A luggage handler at John F. Kennedy International Airport is accused of heading up a conspiracy that ran drugs hidden in food and candy and also looted valuables from passengers' bags, federal and local officials said.
Jorge Guerrero, a driver for a private company that delivers lost luggage, helped get parcels from Ecuador through the airport, according to authorities. Those parcels contained drugs concealed in empanadas, chocolate bars, and soaked into scuba diving diplomas, authorities said.
He is also accused of using his position with the lost-luggage company to steal designer bags, clothing, jewelry, electronics, and other valuables from baggage belonging to airline passengers, authorities said.
"Whether using access to international cargo to profit from Ecuador's bargain wholesale prices for narcotics, or pilfering designer underwear from personal luggage, the Guerrero organization rarely overlooked an opportunity to earn a dishonest dollar," said Special Narcotics Prosecutor Bridget Brennan. "Homeland Security continues to vigilantly protect ports of entry, and work closely with us on local issues such as narcotics importation and organized larceny rings."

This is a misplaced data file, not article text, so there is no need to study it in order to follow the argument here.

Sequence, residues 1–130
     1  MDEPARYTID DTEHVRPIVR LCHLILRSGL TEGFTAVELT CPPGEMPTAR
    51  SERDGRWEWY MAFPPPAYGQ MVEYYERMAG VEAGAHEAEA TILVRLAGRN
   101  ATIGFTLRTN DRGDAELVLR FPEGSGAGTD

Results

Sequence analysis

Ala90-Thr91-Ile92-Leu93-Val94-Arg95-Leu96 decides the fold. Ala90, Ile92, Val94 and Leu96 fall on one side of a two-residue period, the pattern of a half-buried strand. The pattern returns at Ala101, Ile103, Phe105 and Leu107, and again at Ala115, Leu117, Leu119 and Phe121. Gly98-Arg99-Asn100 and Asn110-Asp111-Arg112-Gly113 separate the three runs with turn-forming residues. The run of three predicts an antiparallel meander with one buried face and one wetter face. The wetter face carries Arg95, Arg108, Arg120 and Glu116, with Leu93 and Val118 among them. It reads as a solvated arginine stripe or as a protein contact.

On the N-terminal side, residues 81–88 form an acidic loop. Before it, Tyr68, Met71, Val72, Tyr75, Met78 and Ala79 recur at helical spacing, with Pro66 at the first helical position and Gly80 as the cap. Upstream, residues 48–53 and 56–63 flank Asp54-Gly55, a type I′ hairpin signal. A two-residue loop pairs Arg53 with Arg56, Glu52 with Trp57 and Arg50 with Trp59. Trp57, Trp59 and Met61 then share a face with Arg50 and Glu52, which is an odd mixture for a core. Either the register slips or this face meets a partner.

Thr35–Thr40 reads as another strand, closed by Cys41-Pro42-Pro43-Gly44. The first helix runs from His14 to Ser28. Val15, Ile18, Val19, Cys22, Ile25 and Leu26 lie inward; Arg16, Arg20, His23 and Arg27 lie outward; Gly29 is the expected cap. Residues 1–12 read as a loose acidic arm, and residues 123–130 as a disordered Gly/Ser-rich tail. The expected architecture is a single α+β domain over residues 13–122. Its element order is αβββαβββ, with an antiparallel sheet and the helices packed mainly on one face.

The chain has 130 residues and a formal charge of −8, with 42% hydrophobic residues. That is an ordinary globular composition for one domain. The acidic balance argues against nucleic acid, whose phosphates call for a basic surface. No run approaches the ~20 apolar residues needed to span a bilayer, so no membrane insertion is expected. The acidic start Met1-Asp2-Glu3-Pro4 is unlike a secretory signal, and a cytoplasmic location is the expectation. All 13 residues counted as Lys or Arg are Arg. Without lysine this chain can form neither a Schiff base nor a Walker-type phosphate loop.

After a six-month wiretap investigation by the New York City's Office of the Special Narcotics Prosecutor and Homeland Security's JFK Narcotics Smuggling Unit, agents on Tuesday morning arrested Guerrero, his wife, and several other people suspected of being involved in the drug-smuggling ring.
Inside the Guerreros' home in Queens, agents found more than 50 designer handbags from Louis Vuitton, Michael Kors, Burberry, Coach and Prada, 15 iPads, iPods and laptop computers; 20 cameras; 50 watches; 30 pairs of sunglasses; bottles of top-shelf liquor; perfume; new clothing; and suitcases with tags bearing other people's names, according to authorities.
In the homes of Guerrero's accused accomplices, agents found heroin, cocaine, Western Union wire transfer receipts to an Ecuadorian narcotics supplier, cell phones, a small quantity of marijuana, a round of ammunition, a scale, a strainer, bags, and drug-cutting agents, authorities said.